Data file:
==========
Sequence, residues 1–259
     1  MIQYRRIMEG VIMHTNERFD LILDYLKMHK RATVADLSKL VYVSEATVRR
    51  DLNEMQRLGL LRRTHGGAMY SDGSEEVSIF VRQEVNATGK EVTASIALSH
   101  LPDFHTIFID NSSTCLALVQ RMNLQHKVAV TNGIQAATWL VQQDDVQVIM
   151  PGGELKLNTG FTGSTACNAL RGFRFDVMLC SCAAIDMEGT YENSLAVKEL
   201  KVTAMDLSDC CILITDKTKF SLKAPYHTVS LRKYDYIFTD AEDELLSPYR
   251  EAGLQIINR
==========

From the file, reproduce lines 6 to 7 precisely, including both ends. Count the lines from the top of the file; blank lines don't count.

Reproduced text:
   201  KVTAMDLSDC CILITDKTKF SLKAPYHTVS LRKYDYIFTD AEDELLSPYR
   251  EAGLQIINR